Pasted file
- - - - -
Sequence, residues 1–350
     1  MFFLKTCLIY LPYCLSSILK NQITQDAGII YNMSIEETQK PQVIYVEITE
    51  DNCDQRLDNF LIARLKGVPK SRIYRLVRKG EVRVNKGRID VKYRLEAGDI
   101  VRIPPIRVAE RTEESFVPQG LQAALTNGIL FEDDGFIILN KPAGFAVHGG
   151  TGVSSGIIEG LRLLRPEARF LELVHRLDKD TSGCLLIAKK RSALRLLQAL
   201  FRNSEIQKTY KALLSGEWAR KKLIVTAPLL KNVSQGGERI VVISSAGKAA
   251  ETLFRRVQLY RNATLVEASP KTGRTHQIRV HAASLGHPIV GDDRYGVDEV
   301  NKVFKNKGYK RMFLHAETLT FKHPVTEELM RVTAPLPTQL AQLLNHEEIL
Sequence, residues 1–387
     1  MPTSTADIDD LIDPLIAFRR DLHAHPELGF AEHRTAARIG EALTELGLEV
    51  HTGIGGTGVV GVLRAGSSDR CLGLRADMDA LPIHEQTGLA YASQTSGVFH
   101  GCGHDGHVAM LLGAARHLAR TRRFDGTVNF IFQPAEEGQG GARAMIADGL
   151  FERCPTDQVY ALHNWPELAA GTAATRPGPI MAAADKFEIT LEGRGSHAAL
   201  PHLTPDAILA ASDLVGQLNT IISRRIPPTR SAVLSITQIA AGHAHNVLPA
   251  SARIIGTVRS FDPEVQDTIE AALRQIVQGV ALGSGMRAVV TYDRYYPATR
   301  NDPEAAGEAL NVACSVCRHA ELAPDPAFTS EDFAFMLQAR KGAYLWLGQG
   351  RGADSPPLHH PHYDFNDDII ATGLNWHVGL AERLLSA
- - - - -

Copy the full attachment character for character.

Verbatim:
Sequence, residues 1–350
     1  MFFLKTCLIY LPYCLSSILK NQITQDAGII YNMSIEETQK PQVIYVEITE
    51  DNCDQRLDNF LIARLKGVPK SRIYRLVRKG EVRVNKGRID VKYRLEAGDI
   101  VRIPPIRVAE RTEESFVPQG LQAALTNGIL FEDDGFIILN KPAGFAVHGG
   151  TGVSSGIIEG LRLLRPEARF LELVHRLDKD TSGCLLIAKK RSALRLLQAL
   201  FRNSEIQKTY KALLSGEWAR KKLIVTAPLL KNVSQGGERI VVISSAGKAA
   251  ETLFRRVQLY RNATLVEASP KTGRTHQIRV HAASLGHPIV GDDRYGVDEV
   301  NKVFKNKGYK RMFLHAETLT FKHPVTEELM RVTAPLPTQL AQLLNHEEIL
Sequence, residues 1–387
     1  MPTSTADIDD LIDPLIAFRR DLHAHPELGF AEHRTAARIG EALTELGLEV
    51  HTGIGGTGVV GVLRAGSSDR CLGLRADMDA LPIHEQTGLA YASQTSGVFH
   101  GCGHDGHVAM LLGAARHLAR TRRFDGTVNF IFQPAEEGQG GARAMIADGL
   151  FERCPTDQVY ALHNWPELAA GTAATRPGPI MAAADKFEIT LEGRGSHAAL
   201  PHLTPDAILA ASDLVGQLNT IISRRIPPTR SAVLSITQIA AGHAHNVLPA
   251  SARIIGTVRS FDPEVQDTIE AALRQIVQGV ALGSGMRAVV TYDRYYPATR
   301  NDPEAAGEAL NVACSVCRHA ELAPDPAFTS EDFAFMLQAR KGAYLWLGQG
   351  RGADSPPLHH PHYDFNDDII ATGLNWHVGL AERLLSA